Literature: A Rose for Emily
A short story by William Faulkner
, published in Forum
on 30 April, 1930. It concerns the life of a certain Emily Grierson, as seen through the eyes of her neighbors, in a sleepy Deep South
In a once-elegant, upscale neighborhood, her house is the last vestige of the grandeur of a lost era. Colonel Sartoris, the town’s previous mayor, had suspended Emily’s tax responsibilities to the town after her fathers death, justifying the action by claiming that Mr. Grierson had once lent the community a significant sum. As new town leaders take over, they make unsuccessful attempts to get Emily to resume payments. When members of the Board of Aldermen pay her a visit, in the dusty and antiquated parlor, Emily reasserts the fact that she is not required to pay taxes in Jefferson and that the officials should talk to Colonel Sartoris about the matter. However, at that point he has been dead for almost a decade. She asks her servant, Tobe, to show the men out.
In section II, the narrator describes a time thirty years earlier when Emily resists another official inquiry on behalf of the town leaders, when the townspeople detect a powerful odor emanating from her property. Since the death of her father, two years prior, Emily has been independent, but impoverished. Her lover has recently abandoned her, as well, when this odor begins. As complaints mount, Judge Stevens, the mayor at the time, decides to have lime sprinkled along the foundation of the Grierson home in the middle of the night. Within a couple of weeks, the odor subsides, but the townspeople begin to pity the increasingly reclusive woman, recalling that her great-aunt had succumbed to insanity. The townspeople have always believed that the Griersons thought too highly of themselves, with Emily's father driving off the many suitors deemed not good enough to marry his daughter. With no offer of marriage in sight, she is still single by the time she turns thirty. The day after Mr. Grierson's death, the women of the town call on Emily to offer their condolences. Meeting them at the door, Emily states that her father is not dead, a charade that she keeps up for three days. She finally turns her father's body over for burial.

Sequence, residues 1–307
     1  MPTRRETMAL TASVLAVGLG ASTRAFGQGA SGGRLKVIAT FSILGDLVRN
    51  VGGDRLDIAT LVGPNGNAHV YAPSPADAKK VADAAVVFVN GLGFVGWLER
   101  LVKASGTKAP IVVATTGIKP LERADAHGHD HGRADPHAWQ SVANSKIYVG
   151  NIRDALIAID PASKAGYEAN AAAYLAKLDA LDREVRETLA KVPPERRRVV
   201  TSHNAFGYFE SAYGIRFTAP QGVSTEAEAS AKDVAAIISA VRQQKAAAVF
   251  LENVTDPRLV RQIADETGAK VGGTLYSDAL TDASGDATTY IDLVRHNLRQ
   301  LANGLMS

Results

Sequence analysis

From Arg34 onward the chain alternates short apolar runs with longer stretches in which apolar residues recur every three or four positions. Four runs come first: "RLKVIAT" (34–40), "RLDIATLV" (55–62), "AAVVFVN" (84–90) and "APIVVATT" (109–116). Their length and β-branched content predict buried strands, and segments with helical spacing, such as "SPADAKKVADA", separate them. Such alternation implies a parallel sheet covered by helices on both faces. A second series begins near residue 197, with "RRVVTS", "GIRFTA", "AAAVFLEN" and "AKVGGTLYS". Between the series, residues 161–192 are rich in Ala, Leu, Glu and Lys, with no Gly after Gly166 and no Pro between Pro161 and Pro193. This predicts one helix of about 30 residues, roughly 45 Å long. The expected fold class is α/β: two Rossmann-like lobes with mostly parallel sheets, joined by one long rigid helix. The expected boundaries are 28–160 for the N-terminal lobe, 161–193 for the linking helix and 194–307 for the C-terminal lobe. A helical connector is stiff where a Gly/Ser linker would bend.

In section III, the narrator describes a long illness that Emily suffers after this incident. The summer after her father's death, the town contracts workers to pave the sidewalks, and a construction company, under the direction of northerner Homer Barron, is awarded the job. Homer soon becomes a popular figure in town and is seen taking Emily on buggy rides on Sunday afternoons, which scandalizes the town. They feel she is becoming involved with a man beneath her station. As the affair continues and her reputation is further compromised, she goes to the drug store to purchase arsenic. She is required by law to reveal how she will use the arsenic. She offers no explanation, and the package arrives at her house labeled “For rats.”
In section IV, the narrator describes the fear that some of the townspeople have that Emily will use the poison to kill herself. Her potential marriage to Homer seems increasingly unlikely, as Homer admits that he is, in fact, gay, despite their continued Sunday ritual. The more outraged women of the town insist that the Baptist minister talk with her. After his visit, he never speaks of what happened and swears that he'll never go back. So the minister's wife writes to Emily's two cousins in Alabama, who arrive for an extended stay. Emily orders a silver toilet set monogrammed with Homer's initials and talk of the couple's marriage resumes. Homer, absent from town, is believed to be preparing for Emily's move or trying to avoid her intrusive relatives.